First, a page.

We use conductive silicone rubber as the pressure-sensitive sensing material, which be made by mixing conductive carbon black (BP2000, CABOT, Boston, MA, USA) and silicone rubber. The preparation process is as follows:

Step 1: The conductive carbon black (BP2000) was dispersed: The conductive carbon black was mixed with anhydrous ethanol and stirred for 10 min by electric mixer. It was dispersed for 30 min by ultrasonic dispersion machine, and dried for 3 h in vacuum drying oven (60 °C, 0.08 MPa), Finally, we obtain a dispersed uniformly conductive carbon black.

Figure 14 is the dispersion process of conductive carbon black.

Step 2: Petroleum ether (The quantity is 10 times that of the conductive carbon black) is mixed with Si-69 coupling agent (the mass is 5% of the silicone rubber). The conductive carbon black with 10% mass fraction was added, stirred for 10 min by electric mixer, and dispersed for 30 min by ultrasonic dispersion machine.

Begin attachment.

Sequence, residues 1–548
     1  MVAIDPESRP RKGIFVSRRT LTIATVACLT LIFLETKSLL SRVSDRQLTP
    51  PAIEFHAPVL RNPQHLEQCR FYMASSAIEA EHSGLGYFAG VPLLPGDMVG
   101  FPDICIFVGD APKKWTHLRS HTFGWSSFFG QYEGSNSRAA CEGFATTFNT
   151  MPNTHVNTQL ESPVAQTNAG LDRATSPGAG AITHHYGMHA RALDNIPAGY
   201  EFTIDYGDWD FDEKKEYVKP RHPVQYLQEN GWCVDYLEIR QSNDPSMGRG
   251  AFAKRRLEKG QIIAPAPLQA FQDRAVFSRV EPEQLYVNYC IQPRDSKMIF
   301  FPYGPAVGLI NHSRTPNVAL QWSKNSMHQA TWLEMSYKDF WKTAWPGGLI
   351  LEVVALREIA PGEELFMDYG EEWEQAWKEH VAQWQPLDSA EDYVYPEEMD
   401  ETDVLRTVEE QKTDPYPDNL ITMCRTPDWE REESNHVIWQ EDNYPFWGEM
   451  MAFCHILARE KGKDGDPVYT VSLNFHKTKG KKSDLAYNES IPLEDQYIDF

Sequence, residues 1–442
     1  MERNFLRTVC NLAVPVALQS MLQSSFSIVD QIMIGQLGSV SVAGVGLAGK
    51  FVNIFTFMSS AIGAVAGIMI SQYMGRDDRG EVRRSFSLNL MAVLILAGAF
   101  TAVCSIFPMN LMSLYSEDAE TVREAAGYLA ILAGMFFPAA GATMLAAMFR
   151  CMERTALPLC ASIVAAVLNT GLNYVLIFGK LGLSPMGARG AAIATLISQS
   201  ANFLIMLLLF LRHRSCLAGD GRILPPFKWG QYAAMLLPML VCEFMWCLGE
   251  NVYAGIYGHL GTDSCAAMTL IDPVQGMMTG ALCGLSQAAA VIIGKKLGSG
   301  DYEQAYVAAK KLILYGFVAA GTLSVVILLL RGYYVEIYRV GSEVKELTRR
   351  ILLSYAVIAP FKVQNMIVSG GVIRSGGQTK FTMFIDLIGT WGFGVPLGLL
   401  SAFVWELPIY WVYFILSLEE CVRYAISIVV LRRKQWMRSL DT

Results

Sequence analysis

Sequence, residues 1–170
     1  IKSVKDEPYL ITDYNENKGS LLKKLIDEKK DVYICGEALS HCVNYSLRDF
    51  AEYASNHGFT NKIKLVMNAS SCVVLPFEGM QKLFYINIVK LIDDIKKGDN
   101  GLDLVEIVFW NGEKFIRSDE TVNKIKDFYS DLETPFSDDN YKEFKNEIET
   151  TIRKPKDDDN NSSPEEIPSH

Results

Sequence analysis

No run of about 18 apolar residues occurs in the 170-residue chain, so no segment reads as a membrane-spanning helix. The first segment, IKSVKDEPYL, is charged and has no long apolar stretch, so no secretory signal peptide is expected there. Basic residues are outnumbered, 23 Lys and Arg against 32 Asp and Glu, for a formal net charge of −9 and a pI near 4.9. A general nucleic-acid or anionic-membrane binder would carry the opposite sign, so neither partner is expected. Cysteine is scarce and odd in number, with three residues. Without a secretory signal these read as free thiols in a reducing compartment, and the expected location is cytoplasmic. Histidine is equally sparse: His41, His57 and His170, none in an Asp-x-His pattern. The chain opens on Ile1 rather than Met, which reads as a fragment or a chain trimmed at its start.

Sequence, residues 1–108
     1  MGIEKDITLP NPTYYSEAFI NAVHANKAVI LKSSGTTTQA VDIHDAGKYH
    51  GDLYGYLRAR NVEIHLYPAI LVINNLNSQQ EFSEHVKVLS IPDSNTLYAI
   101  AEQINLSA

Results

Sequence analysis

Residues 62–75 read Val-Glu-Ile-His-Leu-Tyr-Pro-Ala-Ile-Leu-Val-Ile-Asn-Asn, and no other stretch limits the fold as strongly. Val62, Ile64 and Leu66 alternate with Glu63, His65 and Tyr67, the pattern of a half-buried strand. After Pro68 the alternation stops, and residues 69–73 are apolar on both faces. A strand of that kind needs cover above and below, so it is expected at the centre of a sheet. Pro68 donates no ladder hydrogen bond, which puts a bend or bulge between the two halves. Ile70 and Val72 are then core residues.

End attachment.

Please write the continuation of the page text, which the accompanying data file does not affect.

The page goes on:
Step 3: The 107 silicone rubber was added to the mixture, and stirred for 5 min by electric mixer, and dispersed for 30 min by ultrasonic cleaning machine to distribute the conductive carbon black evenly in the silicone rubber. In order to accelerate the reaction, tetraethyl orthosilicate (7% mass fraction) and dibutyltin dilaurate (5% mass fraction) were added.

Step 4: Put the mixture into a vacuum drying oven and vacuum for 5 min at room temperature. The resulting viscous mixture is poured into a different mold to allow it to be completely cured for 24 h and made into circular, cylinder, rectangular conductive silicone rubber.

Figure 15 shows the preparation details of the conductive silicone rubber.

#### 4.2. Measuring Device